Contrary to the argument of Mr Linyama, we are of the view that Ozokwo v The Attorney General(1), is applicable to this
matter. It is not distinguishable. In that case, the trail Judge heard, in chambers, a matter that ought to have been heard in open Court. This Court held that, although the trial Judge deemed it convenient to hear the matter in chambers, the issue of quantum of damages was an open Court matter, leave to appeal was not necessary.
In the present case, the learned trial Judge heard the matter and delivered Judgment in chambers. That was a mistake. The correct procedure is that trial of a contentious matter, involving declaration and damages, in a Statement of Claim, involving viva voce evidence, and in the general list of the High Court, should be held in open Court; and not in chambers. We are of further review that where chamber matters, such as removal of caveats and possession of land under Rules of the Supreme Court, Order 13, are claimed together with contentious open Court matters, such chamber matters will also be simultaneously dealt with contentious claims, in open Court. This disposes of the submission by Mr Linyama, as to what was, or was not, the main claims in this matter.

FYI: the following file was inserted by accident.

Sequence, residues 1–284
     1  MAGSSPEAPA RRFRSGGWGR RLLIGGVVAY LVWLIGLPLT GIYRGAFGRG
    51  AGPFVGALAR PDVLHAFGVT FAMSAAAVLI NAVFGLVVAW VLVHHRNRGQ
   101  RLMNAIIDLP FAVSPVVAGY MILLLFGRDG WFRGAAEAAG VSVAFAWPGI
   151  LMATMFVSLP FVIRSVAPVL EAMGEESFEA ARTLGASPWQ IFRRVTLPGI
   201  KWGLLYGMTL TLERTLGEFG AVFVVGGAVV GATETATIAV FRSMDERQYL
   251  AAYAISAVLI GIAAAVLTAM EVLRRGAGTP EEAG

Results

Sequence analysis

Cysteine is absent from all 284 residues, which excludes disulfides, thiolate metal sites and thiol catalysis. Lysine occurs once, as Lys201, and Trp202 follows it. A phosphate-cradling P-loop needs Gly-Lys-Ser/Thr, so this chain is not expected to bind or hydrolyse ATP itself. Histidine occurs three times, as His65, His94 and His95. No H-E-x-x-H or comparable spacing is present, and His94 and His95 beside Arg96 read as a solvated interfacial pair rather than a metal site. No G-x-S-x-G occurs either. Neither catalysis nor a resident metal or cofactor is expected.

We hold that there was no need for leave of the High Court to appeal, since on procedure, this was an open Court matter. Accordingly, we allow ground one. We hereby reverse the decision of the single Judge to the extent he held that there was need for the
Defendants to obtain leave to appeal and that none was granted. We also reverse the order as to costs.